- Placental abruption (because I needed to be at more risk for that...)
- Pre-term labor and rupture of membranes
- Umbilical cord-prolaps
- Mandatory C-section
- Still birth
- Post-delivery hemorrhaging due to the excessive size of the uterus during pregnancy
Wednesday, December 3, 2014
Week 28 Update
So for the past three weeks I've been on carb-lock down. Knowing that increased insulin usage has a direct relationship with increased consumption of calories (chasing lows) and fat storage (gee wiz, thanks diabetes), my endocrinologist and I agreed that I would try to cut my insulin use down to the lowest possible rate so as to curb my pregnancy weight gain. Attempting to operate on exclusively my basal dose without bolusing additional insulin to cover food intake, I've pretty much cut carbohydrates completely from my diet with the exception of my guilty pleasure of daily gummy vitamins and one, much needed and nonnegotiable, cup of coffee. So eating three three-egg and cheese omelets a day for the past three weeks, you can imagine both the success and the frustration I've had with this "diet."
On one hand, my insulin use is way down and not only has my weight gain stopped, but I've managed to drop several pounds. At first I was surprised when my pump began to initiate its "auto off" function during the day (this happens only when I haven't actively programmed it for ten hours), but in looking at my how my daily usage averages have dropped over the last month it's not so surprising -- I've gone from a minimum of 55 units daily to a maximum of 32 units daily! While the numbers on the scale aren't quite so dramatic, which is a good thing, I am also pleased that the home scale is now reading five pounds less than it did at my week 25 check up and that, thank goodness, puts me back under the 35 pound weight gain maximum that I've been advised to maintain. The unfortunate other hand of this equation, however, is that I am beyond sick of eggs. Come February and Baby's arrival, I don't know if I even want there to be eggs in the refrigerator as merely an ingredient let alone as a ptotential food source... ug!
Anyway, hovering at right about 30 pounds of maternal weight gain (which is still about ten pounds more than what I ought to be at this point in the pregnancy), I was feeling a bit more confident headed into the week 28 follow up we had today with the perinatologist. Knowing that my weight and baby's weight are not necessarily linked, however, I held my breath out of sheer anxiety as the sonographer measured and clicked, measured and clicked, measured... lingered... measured again... clicked.
"Well, your baby is measuring about two weeks farther along at 3 pounds 4 ounces," she states with an impressed air.
Thinking back to the beginning of the pregnancy when our dates weren't lining up with the size of the fetal yolk sac causing the MFM to move our due date back from February 8 to February 21, I inquired of the sonographer if that might be why we're seeing him grow much, much more quickly than he should.
"No," she said with certainty. "Early sonograms are very accurate - within three or four days - for gestational age. You'll have to talk to Doctor Nies about his weight."
Finding this information to be far from comforting given our knowledge that the average baby should weigh no more than 2 pounds 2 ounces at 28 weeks, I braced myself for more bad news as HB, GV and I sat down for our consultation.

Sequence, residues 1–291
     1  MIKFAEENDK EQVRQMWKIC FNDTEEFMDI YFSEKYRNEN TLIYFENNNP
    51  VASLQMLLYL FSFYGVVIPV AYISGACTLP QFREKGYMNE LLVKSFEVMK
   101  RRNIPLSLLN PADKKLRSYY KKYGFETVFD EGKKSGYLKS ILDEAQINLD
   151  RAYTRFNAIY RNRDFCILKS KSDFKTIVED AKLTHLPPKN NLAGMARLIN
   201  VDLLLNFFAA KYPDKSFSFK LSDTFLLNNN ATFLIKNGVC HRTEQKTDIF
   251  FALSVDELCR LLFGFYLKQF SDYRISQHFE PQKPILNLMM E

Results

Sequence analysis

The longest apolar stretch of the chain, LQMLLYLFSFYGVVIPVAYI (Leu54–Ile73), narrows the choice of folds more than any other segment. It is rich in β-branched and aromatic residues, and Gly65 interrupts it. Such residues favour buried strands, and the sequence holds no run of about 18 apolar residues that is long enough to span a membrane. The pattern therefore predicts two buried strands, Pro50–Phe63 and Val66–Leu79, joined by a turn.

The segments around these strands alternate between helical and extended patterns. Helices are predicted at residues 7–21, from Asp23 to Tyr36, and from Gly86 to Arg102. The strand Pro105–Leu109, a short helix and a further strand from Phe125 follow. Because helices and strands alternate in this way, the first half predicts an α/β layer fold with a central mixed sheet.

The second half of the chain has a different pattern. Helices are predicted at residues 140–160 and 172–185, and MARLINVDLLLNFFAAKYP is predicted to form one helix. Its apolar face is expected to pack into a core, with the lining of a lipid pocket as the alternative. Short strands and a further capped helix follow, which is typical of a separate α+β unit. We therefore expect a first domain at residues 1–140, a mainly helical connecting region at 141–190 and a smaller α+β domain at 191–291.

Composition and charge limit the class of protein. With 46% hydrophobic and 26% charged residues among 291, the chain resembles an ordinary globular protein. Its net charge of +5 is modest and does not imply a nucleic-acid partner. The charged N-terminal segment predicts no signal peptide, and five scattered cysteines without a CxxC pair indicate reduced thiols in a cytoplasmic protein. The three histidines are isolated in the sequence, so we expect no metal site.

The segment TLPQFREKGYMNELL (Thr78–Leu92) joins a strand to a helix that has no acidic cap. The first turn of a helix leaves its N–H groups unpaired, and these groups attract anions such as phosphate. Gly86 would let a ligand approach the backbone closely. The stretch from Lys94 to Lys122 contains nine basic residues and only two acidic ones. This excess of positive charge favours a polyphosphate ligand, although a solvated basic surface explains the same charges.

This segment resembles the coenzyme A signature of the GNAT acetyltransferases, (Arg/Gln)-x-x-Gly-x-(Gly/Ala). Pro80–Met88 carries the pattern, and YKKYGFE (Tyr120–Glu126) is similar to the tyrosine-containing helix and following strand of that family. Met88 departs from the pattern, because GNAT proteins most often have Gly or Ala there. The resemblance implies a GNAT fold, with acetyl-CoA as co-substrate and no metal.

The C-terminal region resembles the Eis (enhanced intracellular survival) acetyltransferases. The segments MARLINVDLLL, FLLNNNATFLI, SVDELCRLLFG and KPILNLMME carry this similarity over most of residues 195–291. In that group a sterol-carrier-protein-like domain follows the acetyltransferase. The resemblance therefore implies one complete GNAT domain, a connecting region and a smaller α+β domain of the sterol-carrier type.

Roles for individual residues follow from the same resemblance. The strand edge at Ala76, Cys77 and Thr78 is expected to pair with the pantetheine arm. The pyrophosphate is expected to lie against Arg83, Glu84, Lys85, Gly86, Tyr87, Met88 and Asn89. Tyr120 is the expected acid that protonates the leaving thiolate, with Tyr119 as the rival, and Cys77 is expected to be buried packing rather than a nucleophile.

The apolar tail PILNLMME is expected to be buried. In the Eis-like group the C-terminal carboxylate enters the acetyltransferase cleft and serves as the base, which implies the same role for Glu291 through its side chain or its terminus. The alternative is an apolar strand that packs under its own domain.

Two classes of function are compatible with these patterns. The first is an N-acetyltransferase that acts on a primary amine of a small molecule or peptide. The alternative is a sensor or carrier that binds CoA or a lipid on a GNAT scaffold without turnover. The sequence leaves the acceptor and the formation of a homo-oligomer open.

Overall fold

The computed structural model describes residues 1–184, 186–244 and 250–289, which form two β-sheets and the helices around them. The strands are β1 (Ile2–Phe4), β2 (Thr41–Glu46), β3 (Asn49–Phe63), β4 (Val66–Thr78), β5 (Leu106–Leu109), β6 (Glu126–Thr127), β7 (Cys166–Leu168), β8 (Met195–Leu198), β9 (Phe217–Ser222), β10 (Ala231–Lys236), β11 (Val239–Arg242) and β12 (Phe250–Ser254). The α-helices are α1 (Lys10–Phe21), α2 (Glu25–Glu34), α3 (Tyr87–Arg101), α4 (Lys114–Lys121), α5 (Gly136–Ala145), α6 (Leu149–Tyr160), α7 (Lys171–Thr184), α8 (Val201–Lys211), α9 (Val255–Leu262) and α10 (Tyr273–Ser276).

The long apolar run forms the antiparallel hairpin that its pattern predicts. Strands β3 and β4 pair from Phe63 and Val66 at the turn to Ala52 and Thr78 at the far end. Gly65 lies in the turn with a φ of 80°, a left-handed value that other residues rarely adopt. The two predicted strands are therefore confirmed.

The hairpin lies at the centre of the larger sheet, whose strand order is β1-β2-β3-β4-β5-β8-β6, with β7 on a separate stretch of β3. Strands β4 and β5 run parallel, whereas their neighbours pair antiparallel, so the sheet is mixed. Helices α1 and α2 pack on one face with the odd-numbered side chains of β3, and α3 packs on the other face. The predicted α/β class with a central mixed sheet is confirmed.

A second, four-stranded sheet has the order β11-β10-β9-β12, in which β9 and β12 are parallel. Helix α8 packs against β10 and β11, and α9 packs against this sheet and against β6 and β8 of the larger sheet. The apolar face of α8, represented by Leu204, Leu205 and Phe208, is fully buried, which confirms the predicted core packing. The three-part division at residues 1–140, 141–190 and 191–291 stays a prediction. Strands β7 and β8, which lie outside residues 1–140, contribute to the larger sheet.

"How are you?" Dr Nies asked.
"Stressed beyond belief," was the only honest answer.
Being the nicest, most comforting of the practitioners at this particular office, Dr. Nies kept her kiddie gloves on for our conversation as she dove into my chart and looked at the results of the sonogram and compared them to my triage stats. Upon seeing my decreased weight and confirming that I was in fact still eating, she gently moved on to explain that her primary concern at this point in the pregnancy is not Baby's above average weight, but that my amniotic fluid levels are elevated. So while she simultaneously assuaged my concerns that a c-section for macrosomia may not be necessary (that will be contingent on Baby's weight being above 10, maybe even 9, pounds in several more weeks), the high amniotic fluid index (AFI) reading of 23.1 requires a diagnoses of mild polyhydramnios. Stating we'd keep an eye on it but to call immediately if I get "unusually bigger" or experience more contractions (a regular happening of late), we left the appointment with both me and my uterus feeling irritable.
As polyhydramnios is a brand new complication for the books (oh joy), I promptly began my homework upon reaching the car. Playing a sick and twisted game of chicken and the egg, the condition could be a result of my diabetes (not likely given my HgA1C) or it could be a bi-product of the macrosomia OR, to keep things interesting, the macrosomia could be a result of the polyhydramnios and exacerbated by structural complications we are currently unaware of in the fetus. Charming, right? Regardless of cause, however, the presence of even a mild case of polyhydramnios - and let's pray it doesn't elevate itself to a moderate or severe case - on my already high risk case makes the rest of this pregnancy more complicated and more prone to additional issues than before. Polyhydramnios is associated with:
So... that's not good. Unfortunately there isn't anything that I can do above and beyond what I am already doing to prevent either macrosomia or polyhydramnios. I can keep my diabetes under tight management - check - and I can work to keep my weight gain below 35 pounds for the pregnancy - check, thus far at least. Beyond that, the outcome is entirely in God's hands and at the whim of my perinatologists when and if things progress one way or another. In the mean time, I'll just continue to worry and eat my omelets... someone have pancakes and a couple Christmas cookies for me, will ya?